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Working conditions in India

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  1. Logistics at H&M: An essential service
    1. Logistics in the textile world
    2. Logistics and distribution H&M
    3. Purchase and production
  2. The characteristics of the logistics of H&M: the sales through supply chain
    1. The sell-through
    2. Definition of supply chain
    3. Logistics in the "supply chain"

This document is a summary of the information collected on behalf of the Committee on Social Affairs, following a mission conducted from 15 to 25 March 2007 by a delegation, to study the working conditions and employment in India. In the current climate of international awareness on social issues, especially labor rights, a French inquiry was conducted with respect to a study mission to India from 15 to 25 March 2007 in order to understand the working conditions in these countries and to analyze the relocation. The main problem in India is the potentiality of human labor, because if such rights exist, they are applied only in a minor proportion of cases.

Above all, these rights only affect a small share of workers. Only some employees in public enterprises and employees of some large companies may think of the applicability of these rights. Indeed, there exists a distinction between the ?organized" and "unorganized" sector in the industry. Labor rights are applicable only to "organized" workers, which is only 7% of workers (40% of the workforce).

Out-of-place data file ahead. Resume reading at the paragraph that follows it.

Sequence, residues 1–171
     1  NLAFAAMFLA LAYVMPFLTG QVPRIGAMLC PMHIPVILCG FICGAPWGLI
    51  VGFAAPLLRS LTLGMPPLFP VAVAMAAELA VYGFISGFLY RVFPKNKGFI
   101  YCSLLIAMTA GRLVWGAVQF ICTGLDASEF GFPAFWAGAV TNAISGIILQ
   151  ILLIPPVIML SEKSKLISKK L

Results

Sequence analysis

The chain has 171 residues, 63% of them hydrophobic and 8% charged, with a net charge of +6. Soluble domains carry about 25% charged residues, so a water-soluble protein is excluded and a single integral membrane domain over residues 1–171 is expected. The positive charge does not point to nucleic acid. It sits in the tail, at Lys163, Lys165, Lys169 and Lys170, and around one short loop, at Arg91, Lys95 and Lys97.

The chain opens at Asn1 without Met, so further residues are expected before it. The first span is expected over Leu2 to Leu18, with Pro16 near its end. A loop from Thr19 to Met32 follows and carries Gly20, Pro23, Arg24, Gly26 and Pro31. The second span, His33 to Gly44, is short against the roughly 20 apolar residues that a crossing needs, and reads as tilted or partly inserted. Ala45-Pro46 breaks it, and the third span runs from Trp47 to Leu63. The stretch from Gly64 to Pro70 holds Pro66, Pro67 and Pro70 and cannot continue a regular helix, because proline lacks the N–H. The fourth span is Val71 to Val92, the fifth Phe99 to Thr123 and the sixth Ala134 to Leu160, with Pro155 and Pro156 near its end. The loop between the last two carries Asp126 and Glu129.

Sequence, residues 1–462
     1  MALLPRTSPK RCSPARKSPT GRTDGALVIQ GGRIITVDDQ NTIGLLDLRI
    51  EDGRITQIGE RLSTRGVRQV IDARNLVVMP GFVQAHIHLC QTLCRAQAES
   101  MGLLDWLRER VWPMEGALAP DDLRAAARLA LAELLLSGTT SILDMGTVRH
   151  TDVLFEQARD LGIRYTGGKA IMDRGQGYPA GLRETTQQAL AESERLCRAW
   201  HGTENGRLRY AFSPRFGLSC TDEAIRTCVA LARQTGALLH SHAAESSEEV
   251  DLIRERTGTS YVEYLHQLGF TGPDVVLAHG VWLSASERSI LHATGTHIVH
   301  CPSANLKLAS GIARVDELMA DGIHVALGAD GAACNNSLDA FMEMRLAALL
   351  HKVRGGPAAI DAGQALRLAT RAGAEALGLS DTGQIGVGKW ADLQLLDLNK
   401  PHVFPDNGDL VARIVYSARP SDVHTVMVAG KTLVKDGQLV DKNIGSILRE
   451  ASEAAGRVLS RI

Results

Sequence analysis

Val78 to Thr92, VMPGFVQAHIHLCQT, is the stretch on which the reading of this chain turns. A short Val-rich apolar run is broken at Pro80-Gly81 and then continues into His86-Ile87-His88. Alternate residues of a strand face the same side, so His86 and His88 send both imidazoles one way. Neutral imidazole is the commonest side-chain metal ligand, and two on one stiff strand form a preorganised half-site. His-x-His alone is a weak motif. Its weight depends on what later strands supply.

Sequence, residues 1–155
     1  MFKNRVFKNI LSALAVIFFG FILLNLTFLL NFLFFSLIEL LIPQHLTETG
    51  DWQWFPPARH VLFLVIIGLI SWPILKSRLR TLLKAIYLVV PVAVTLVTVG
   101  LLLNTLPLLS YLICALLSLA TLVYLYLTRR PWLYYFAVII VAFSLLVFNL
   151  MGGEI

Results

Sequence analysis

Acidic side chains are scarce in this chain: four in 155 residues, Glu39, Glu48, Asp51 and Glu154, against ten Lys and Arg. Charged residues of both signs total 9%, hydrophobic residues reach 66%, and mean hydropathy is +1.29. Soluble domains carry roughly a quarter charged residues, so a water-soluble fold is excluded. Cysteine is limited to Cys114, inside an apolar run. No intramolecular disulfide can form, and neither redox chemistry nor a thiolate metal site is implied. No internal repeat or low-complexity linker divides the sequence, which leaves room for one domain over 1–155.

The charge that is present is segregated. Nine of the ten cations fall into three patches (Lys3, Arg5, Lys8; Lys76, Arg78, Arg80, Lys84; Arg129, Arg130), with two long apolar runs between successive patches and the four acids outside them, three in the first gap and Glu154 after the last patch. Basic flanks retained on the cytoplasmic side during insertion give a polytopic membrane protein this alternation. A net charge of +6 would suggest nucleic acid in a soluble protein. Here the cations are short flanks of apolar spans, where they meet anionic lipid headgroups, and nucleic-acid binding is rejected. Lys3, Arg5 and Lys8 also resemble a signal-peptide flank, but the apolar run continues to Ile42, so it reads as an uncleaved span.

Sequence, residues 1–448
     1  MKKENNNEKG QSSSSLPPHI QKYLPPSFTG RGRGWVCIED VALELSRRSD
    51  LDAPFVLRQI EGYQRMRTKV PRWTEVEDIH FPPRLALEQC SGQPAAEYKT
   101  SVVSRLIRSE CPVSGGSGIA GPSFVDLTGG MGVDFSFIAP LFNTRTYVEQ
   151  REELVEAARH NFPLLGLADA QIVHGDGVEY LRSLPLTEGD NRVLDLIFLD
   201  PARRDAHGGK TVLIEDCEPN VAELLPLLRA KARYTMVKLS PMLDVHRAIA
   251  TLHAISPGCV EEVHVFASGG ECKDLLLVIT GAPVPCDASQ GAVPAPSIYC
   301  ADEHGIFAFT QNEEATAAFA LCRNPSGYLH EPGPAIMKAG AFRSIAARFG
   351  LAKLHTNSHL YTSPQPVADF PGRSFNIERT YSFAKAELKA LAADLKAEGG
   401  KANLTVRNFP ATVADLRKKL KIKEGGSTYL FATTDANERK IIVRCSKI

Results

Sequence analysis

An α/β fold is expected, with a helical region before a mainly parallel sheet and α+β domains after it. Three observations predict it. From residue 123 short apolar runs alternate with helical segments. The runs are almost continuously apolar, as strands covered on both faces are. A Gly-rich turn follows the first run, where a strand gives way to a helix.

12 million people are protected by such rights and 166 million are unprotected workers and 252 million are unemployed. Moreover, these figures have steadily declined since the 1980s. In six years, the number of public sector fell by 1.7 million. Another reason for this insecurity is the low number of employees with 14% decrease in the proportion of persons entitled to such rights.

Employment rates are not the only cause of this lack of security. Castes, although officially abolished, concern 80% of the population and many prohibit not only access to labor rights, but also the work itself. Thus the untouchables cannot access in small amounts for small jobs. if the workers are protected by "common laws" that India is a former British colony, there are also constitutional and statutory laws, certainly many, protective and extremely important to them, which may be contradictory and especially applied only under certain conditions (primary, secondary, tertiary, or only in certain activities).

Tags: Committee on Social Affairs, working conditions, social issues, human labor, ?organized" sector, Labor rights, employment rates, common laws

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